Between June 1996 and March 1998, 429 first-line metastatic breast
cancer patients were randomized to receive AT (doxorubicin
[Adriamycin] 50 mg/m² and docetaxel [Taxotere] 75 mg/m²) or
AC (doxorubicin 60 mg/m² and cyclophosphamide [Cytoxan, Neosar]
600 mg/m²), day 1 every 3 weeks for a maximum of eight cycles.
Granulocyte colony-stimulating factor (G-CSF, filgrastim [Neupogen])
was not allowed, except after a prior febrile neutropenic
complication. Eligible patients were required to have metastatic
disease with measurable or evaluable lesions. No prior chemotherapy
(CT) for metastatic breast cancer was allowed; prior nonanthracycline
adjuvant CT was allowed.
Baseline characteristics were well balanced. Overall, patients had a
median age of 53, a median Karnofsky performance status of 90, and a
median disease-free interval of 25 months; 42% of patients had had
adjuvant CT. The following organs were involved: visceral 63%, bone
54%; 41% of patients had three or more organs involved. The main
reasons for discontinuing treatment were as follows: reaching eight
cycles, 49% (AT) vs 36% (AC); progressive disease, 21% (AT) vs 32%
(AC); toxicity, 13% (AT) vs 13% (AC). The median number of cycles was
8 (AT) vs 7 (AC). Median cumulative dose of doxorubicin (CDA) was 378
mg/m² (AT) vs 420 mg/m² (AC). Median relative dose
intensity (RDI) was 96% (AT) vs 96% (AC).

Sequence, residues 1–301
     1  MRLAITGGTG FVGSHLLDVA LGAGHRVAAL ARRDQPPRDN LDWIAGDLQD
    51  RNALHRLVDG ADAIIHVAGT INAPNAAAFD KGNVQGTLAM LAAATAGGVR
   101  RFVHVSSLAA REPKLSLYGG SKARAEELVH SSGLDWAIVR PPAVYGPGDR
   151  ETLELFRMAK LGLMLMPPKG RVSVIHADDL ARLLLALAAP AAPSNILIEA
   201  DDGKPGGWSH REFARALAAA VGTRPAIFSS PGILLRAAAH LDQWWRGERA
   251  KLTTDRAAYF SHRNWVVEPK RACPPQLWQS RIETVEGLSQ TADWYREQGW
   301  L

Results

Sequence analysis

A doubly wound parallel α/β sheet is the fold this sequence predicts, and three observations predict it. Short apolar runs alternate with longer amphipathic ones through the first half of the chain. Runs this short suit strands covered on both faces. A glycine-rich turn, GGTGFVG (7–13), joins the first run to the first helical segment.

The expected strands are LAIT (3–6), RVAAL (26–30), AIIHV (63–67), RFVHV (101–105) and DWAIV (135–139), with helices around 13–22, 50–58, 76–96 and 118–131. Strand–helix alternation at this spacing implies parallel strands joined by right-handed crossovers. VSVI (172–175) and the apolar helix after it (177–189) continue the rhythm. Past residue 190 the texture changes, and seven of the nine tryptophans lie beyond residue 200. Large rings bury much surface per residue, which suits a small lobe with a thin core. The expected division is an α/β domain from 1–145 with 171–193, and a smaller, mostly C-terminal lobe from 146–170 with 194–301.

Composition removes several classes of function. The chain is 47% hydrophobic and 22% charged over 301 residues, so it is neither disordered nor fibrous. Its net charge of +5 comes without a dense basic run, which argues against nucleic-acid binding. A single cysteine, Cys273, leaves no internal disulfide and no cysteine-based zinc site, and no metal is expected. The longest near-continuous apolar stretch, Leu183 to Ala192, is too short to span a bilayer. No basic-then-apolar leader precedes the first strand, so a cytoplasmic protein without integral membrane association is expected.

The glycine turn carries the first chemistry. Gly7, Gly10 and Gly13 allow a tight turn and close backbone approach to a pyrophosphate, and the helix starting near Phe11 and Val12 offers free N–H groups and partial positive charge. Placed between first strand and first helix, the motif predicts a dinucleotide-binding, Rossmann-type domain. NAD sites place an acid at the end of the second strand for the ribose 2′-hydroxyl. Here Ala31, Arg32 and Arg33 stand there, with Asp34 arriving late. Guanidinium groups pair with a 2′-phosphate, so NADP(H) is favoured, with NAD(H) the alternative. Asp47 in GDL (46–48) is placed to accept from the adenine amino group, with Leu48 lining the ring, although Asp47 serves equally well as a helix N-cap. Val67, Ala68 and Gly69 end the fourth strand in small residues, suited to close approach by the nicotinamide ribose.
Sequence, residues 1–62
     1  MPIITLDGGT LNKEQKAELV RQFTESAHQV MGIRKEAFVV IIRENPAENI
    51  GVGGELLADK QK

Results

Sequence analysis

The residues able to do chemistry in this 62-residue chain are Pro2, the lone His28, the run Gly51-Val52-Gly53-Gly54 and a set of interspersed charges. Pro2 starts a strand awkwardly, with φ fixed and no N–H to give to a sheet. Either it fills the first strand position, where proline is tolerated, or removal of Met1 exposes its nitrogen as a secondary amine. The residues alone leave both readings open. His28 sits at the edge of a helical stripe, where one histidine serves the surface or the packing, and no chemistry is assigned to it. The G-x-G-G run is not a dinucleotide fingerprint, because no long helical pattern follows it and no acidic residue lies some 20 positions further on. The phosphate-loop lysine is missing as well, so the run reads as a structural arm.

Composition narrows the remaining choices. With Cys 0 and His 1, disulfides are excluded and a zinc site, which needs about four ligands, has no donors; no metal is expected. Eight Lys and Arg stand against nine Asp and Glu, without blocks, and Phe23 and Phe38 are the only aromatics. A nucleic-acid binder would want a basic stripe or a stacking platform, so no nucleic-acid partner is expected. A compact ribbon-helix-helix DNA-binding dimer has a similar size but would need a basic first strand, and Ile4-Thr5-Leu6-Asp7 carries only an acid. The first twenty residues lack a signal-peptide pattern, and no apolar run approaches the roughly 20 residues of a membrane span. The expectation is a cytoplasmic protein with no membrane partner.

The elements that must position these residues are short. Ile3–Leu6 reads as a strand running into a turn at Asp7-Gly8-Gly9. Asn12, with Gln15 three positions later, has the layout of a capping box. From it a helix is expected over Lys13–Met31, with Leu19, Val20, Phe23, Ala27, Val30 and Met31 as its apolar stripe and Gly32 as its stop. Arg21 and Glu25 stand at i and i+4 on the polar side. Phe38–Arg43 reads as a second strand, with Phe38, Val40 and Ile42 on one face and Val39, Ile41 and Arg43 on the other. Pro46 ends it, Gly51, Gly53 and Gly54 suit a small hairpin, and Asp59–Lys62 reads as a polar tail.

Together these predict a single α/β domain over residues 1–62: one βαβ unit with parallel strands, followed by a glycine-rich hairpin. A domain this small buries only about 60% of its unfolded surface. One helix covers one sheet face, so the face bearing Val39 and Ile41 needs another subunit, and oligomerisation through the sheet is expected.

Severe (National Cancer Institute grade 3/4) events occurring in ³
1% of cycles included neutropenia, 82% (AT) vs 69% (AC); febrile
neutropenia, 7% (AT) vs 2% (AC); anemia, 3% (AT) vs 4% (AC);
infection, 1% (AT) vs < 1% (AC); nausea, 1% (AT) vs 1% (AC);
vomiting, 1% (AT) vs 1% (AC); stomatitis, 1% (AT) vs 1% (AC);
diarrhea, 1% (AT) vs < 1% (AC). Severe asthenia was seen in 8%
(AT) vs 3% (AC) of patients; severe edema was seen in 1% (AT) vs 0%
(AC) of patients.
Left ventricular ejection fraction decrease ³
30 points from baseline occurred in 1% (AT) vs 6% (AC) of evaluable
patients. Clinical congestive heart failure (CHF) was seen in 3% (AT)
vs 4% (AC) of patients. The CDA was > 360 mg/m² in 54% (AT)
vs 64% (AC) of patients. Toxic deaths occurred in 1 AT patient (CHF)
and 4 AC patients (1 sepsis, 3 CHF). As of April 1999, the median
follow-up is 18 months.
CONCLUSION: AT shows superior efficacy over standard AC in metastatic
breast cancer, despite a lower dose intensity of doxorubicin.
Neutropenia and its complications were higher in AT but did not
compromise RDI. Other toxicities were similar in both arms. The AT
advantage is also being tested in early breast cancer.